planning remained positive and were demonstrated in their practices. In the final interviews, the
PSSM teachers described in more detail their lesson planning experiences with their cooperating
teachers and their peers:
       My lesson planning experiences have been wonderful. I do a lot of co-operative
       planning with my co-operative teachers and also with some of my other class
       mates. I make sure that I address the concepts and the goals and objectives that we
       are trying to meet. [Danielle]

This is also a reflection of the pedagogical tool we employed in the program that encourages a
plan, teach and debrief model. Planning with peers and cooperating teachers was encouraged
within the program. However, to hear from their own voice that they are taking ownership of
their actions, and acting appropriatly was impressive. It was a bit comical, but honest to hear a
PSSM teacher saying that she and her cooperating teacher “wing it” (the choice of words make it
seemed an inappropriate act):
       No, we actually wing it we talk about what we are doing we look at the book and
       we find . . . the one thing we do is we find power points. And there is a county in
       Virginia called Enrich County [it] had fabulous PowerPoint’s that align almost
       exactly with the geometry and algebra text books that we use. And so we pull
       down all of their PowerPoints and save them for the chapter and we look at them
       ahead of time and decide if they are useful and they almost always are and we
       modify them as necessary and we use them as a basis of the lecture. [Laura]

However, as she went on to explain further, one can understand what was going on. The
cooperating teacher was demonstrating an act of using prior resources, something we call “do not




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reinvent the wheel.” The next PSSM teacher gave the emphasis her cooperating teacher places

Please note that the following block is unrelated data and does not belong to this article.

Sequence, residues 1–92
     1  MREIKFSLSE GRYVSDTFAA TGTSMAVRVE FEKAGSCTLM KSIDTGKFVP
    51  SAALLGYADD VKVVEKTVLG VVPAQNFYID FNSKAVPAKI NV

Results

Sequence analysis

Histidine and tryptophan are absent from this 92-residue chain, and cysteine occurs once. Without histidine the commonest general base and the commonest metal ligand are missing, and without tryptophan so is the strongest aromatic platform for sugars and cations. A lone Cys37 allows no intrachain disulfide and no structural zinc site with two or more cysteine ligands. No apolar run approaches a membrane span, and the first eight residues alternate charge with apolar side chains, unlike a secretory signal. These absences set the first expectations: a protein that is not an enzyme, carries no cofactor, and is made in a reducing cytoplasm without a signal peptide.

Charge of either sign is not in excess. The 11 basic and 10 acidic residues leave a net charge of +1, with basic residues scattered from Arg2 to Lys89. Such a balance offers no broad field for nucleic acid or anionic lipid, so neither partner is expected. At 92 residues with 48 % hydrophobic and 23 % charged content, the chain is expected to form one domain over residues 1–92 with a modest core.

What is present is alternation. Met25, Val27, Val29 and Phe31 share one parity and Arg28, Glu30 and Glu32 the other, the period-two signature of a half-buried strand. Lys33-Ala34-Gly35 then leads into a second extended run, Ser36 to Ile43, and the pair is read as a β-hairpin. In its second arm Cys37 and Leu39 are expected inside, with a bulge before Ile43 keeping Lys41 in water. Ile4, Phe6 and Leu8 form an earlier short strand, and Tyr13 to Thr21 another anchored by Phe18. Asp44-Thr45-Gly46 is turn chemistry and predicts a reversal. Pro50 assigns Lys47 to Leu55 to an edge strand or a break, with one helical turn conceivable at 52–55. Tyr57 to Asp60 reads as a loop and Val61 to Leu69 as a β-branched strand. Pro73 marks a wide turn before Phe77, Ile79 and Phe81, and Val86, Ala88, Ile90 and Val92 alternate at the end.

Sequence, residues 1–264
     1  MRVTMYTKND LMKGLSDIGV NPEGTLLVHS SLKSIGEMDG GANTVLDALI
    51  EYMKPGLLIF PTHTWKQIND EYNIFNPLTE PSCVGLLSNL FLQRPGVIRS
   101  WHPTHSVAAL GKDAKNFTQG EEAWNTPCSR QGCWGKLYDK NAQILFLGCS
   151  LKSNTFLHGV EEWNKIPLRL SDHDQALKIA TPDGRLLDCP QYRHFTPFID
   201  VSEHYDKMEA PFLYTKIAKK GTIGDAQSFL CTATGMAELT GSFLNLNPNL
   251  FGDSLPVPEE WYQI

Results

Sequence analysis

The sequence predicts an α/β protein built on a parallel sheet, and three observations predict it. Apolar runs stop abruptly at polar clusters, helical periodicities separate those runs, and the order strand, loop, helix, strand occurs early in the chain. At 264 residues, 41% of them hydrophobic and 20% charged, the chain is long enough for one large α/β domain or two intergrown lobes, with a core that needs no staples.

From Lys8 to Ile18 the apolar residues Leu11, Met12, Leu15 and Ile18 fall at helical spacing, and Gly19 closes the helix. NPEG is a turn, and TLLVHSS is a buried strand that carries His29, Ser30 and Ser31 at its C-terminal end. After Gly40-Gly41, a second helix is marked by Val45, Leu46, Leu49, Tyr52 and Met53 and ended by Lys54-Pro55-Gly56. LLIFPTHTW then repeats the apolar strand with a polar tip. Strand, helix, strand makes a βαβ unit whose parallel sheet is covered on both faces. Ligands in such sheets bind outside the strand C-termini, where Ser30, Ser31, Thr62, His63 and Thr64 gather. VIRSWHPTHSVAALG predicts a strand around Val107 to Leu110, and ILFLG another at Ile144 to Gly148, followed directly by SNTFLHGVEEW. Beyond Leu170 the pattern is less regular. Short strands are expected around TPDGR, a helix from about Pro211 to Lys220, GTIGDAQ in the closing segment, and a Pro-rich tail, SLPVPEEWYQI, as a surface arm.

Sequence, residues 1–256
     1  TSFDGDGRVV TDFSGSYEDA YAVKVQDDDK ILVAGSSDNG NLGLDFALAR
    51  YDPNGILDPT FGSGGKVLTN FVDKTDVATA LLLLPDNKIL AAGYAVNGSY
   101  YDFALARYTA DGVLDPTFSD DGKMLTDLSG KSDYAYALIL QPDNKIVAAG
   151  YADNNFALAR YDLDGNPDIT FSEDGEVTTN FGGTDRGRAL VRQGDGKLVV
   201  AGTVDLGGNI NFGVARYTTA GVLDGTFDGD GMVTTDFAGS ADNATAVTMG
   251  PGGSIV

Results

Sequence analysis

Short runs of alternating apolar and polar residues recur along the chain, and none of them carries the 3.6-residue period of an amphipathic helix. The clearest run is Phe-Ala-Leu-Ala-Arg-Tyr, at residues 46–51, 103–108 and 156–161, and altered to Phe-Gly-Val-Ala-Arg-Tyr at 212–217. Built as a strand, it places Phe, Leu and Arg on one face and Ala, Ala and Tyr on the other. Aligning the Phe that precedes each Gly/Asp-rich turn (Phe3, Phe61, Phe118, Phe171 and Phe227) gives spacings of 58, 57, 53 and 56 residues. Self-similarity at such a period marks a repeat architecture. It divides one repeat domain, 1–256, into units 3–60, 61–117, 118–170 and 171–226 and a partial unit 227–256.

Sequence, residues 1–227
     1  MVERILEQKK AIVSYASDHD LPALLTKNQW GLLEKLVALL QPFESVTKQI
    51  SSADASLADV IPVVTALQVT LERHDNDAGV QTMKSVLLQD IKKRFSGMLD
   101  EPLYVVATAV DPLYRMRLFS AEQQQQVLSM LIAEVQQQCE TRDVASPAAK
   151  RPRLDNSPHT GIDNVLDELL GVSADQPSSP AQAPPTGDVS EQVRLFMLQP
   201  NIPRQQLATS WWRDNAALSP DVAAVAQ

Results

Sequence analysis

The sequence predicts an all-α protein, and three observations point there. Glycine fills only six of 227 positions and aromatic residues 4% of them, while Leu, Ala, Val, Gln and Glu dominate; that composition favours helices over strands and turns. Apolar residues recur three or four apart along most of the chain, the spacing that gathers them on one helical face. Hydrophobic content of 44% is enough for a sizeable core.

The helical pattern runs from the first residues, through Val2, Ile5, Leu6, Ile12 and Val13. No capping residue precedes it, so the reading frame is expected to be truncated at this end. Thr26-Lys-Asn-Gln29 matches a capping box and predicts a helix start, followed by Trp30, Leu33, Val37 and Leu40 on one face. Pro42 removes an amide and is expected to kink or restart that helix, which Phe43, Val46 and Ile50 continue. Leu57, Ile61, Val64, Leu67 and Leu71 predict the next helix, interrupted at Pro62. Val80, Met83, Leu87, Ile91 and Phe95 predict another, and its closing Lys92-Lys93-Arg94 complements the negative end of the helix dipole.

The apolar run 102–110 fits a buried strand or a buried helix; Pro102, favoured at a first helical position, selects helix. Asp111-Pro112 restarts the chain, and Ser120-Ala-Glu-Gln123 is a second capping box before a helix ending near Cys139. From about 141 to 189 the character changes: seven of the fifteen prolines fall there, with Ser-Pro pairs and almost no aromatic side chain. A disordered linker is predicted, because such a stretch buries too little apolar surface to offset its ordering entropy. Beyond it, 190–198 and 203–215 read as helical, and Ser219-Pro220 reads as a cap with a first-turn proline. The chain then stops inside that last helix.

on formative and summative assessment as she stated:
       I have learned that I should give an assessment well the teacher I am working
       with likes to give in class assessments after . . . during every lecture. So, after we
       lecture then maybe a 5 or 10 minute brief assessment. [Zephyr]

Again, they followed a plan, teach, and debrief model in their preparation, and they used the
model in their student teaching practices. However, here they talk much about planning with
their cooperating teachers which is what they are encouraged to do in developing their practices
to be collaborative with other teachers. Although, earlier in the preparation a few of them tended
to attach power relations and did not feel as though they were colleagues with the cooperating
teachers. However, over time we noticed that they seemed to be heading in a positive direction
because we have observed some of their behaviors of having lunch and consistent dialogues with
their mathematics teaching team which consisted of their peers, cooperating teachers, and other
veteran teachers.


Meeting Individual Needs
Among the PSSM teachers, there was a general consensus that their students needed much
guidance and more direct instruction and they were willing to provide for them. These PSSM
teachers were interactive with their cooperating teachers, resource teachers, and other teachers in
the schools to get support with the issues of addressing students’ needs. Evelyn explained:
       For me a lot of the ways that I try to figure out the needs of an individual student
       or a small group of students is [through] a lot of observations, going around the
       classroom, asking them [students] questions and also looking at their work.

Angeli expressed deep concerns for the way she identifies students’ needs. As far as special
needs students, she viewed their individual education plan (IEP) in order to make modifications
with her strategies and instruction. In general, PSSM teachers used the resources available at the